Vermentino, a very popular Tuscan and Sardinian varietal, is similarly very dry and crisp with medium-to-high acidity. Because Tuscany and Sardinia are warmer climate regions, Vermentino has a slightly more ripe flavor profile exuding notes of citrus (think lime and grapefruit) as well as Granny Smith apples. In some terroirs, it can even show light floral notes. This, to us, makes it a great match for grilled poultry, pork tenderloin, and grilled fish dishes. With a pinch of our Truffle Salt used as a finishing touch, it is sure to create a perfect counterbalance to the fruity profile of Vermentino.
Going even further down the line of fruity, yet dry white wines, Grechetto is the main varietal used in Orvieto, which is made in Umbria and Lazio. Umbria, as you know, is the ancestral home of Sabatino Tartufi, so Grechetto is near and dear to our hearts. Because of its fuller body and riper profiles, which often features notes and aromas of melons, white stone fruit, and wild flowers, these wines work swimmingly with our fresh Black Winter Truffles. Whether enjoyed at the height of summer (like our Australian Black Winter truffles) or in the crisp, cold of winter, (like our European Black Winter truffles), Grechetto is a match for the fuller flavor and aroma of our Black Winter truffles.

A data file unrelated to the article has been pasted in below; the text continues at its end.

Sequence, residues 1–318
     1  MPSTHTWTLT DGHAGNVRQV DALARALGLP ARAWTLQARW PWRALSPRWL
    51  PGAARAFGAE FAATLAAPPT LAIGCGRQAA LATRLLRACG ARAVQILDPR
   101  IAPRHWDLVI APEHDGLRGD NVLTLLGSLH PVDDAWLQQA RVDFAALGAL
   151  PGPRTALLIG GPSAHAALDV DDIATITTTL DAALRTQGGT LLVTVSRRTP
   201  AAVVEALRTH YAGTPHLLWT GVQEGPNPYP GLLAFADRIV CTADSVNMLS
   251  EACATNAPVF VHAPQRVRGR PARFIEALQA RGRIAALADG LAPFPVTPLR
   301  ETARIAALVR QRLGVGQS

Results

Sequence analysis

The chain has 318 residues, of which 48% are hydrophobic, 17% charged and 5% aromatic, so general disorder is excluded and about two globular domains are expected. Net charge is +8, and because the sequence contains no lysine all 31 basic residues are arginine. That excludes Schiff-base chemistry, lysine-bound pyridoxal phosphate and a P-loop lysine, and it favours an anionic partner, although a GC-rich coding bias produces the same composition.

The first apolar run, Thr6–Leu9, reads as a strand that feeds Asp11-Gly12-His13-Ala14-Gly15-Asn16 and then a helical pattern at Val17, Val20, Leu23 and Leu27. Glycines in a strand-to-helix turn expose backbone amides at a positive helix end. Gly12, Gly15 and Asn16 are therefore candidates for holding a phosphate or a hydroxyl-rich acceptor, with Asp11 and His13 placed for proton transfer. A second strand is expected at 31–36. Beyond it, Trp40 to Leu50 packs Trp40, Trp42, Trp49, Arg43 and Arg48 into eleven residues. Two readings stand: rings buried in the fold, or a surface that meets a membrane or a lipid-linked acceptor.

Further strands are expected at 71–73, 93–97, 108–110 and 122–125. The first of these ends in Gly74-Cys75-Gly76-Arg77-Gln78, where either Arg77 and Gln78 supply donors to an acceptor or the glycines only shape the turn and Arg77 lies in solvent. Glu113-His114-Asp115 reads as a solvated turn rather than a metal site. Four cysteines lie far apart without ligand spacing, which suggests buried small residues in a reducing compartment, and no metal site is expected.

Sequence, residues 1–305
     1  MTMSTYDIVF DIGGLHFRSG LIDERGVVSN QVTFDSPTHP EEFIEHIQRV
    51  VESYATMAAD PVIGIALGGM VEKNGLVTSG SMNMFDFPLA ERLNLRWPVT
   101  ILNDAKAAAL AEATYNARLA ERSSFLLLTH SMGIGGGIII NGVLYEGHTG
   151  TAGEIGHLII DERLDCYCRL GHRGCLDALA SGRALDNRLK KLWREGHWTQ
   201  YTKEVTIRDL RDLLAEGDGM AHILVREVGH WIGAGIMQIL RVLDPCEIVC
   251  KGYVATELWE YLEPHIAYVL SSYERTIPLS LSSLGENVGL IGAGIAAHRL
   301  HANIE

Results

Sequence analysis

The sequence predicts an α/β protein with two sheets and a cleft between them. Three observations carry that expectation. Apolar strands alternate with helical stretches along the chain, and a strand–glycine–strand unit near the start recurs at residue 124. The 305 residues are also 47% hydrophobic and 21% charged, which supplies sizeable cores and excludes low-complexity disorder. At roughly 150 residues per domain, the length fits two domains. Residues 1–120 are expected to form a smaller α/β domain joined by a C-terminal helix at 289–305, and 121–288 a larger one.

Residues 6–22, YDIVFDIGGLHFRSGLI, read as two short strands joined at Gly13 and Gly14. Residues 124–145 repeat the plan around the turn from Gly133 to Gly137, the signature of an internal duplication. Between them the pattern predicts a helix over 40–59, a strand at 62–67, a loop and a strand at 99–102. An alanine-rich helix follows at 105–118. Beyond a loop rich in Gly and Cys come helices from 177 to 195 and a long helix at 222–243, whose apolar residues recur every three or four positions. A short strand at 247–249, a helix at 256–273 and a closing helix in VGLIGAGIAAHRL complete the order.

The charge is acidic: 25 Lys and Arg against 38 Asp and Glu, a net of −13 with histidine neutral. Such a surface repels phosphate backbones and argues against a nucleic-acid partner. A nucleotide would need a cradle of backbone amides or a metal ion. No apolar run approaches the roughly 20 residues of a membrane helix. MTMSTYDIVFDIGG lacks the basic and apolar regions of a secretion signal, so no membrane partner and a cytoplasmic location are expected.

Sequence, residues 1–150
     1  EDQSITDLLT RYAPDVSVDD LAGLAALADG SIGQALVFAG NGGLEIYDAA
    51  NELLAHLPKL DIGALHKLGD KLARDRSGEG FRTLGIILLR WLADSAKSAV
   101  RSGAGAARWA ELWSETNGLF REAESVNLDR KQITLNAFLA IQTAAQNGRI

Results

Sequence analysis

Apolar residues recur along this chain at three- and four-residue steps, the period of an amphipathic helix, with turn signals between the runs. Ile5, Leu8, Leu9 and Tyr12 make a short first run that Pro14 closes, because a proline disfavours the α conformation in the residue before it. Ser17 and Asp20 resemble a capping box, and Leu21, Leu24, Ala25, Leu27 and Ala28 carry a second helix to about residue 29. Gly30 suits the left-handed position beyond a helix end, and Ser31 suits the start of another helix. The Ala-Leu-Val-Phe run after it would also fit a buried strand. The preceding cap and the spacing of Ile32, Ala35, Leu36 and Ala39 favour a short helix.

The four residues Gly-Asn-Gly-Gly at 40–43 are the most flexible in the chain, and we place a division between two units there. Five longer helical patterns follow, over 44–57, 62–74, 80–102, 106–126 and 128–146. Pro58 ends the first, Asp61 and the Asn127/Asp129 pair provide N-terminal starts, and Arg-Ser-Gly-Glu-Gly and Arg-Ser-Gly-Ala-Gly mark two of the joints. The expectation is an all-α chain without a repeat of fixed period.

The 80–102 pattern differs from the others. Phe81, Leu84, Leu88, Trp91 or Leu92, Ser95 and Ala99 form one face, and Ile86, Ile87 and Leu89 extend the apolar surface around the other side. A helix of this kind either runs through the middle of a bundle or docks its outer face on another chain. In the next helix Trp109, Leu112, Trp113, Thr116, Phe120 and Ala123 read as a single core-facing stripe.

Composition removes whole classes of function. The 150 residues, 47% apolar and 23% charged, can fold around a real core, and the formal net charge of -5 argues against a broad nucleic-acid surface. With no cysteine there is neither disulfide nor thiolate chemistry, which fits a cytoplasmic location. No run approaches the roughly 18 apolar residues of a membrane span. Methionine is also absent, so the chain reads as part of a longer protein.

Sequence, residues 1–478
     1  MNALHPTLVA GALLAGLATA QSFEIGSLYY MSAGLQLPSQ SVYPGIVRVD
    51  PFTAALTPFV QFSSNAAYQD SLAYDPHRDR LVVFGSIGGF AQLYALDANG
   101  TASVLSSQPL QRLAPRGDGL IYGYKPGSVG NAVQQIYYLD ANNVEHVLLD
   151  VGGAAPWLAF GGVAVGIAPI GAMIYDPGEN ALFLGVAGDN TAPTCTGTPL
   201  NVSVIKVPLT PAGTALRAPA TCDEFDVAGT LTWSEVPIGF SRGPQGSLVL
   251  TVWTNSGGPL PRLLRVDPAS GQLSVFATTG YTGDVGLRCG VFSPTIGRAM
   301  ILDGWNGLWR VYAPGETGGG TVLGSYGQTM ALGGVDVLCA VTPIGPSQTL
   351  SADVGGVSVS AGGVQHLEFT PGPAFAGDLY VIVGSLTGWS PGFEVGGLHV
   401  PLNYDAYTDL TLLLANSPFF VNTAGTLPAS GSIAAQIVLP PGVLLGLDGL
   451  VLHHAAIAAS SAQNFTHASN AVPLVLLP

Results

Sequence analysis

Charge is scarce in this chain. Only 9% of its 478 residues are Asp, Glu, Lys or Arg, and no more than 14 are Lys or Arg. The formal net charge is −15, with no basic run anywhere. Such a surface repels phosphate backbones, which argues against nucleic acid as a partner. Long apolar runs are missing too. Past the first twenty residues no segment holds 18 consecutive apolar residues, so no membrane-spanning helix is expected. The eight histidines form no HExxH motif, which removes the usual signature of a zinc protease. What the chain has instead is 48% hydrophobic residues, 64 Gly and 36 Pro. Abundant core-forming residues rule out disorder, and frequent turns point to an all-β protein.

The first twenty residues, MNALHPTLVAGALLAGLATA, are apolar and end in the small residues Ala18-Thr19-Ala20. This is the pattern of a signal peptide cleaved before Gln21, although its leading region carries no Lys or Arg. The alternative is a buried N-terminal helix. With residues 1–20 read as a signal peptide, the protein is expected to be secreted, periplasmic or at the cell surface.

Staying close to Umbria and Lazio, the Trebbiano varietal, also known as Trebbiano Toscano or Ugni Blanc, is another white wine varietal that works exceptionally well with food and more specifically truffles. Trebbiano is one of the most planted grape varieties in the world and is actually better known for its association with brandy and balsamic vinegar production than it is for fine wines. However, when it comes to fine wines, Trebbiano features many of the same flavor and body characteristics of Grechetto, but also adds a slightly herbaceous touch with notes of basil and wild herbs. This extra touch makes this a wonderful pairing with pizza bianco (white pizza) topped with extra virgin olive oil and freshly shaved Black Summer Truffles or White Truffles when in season.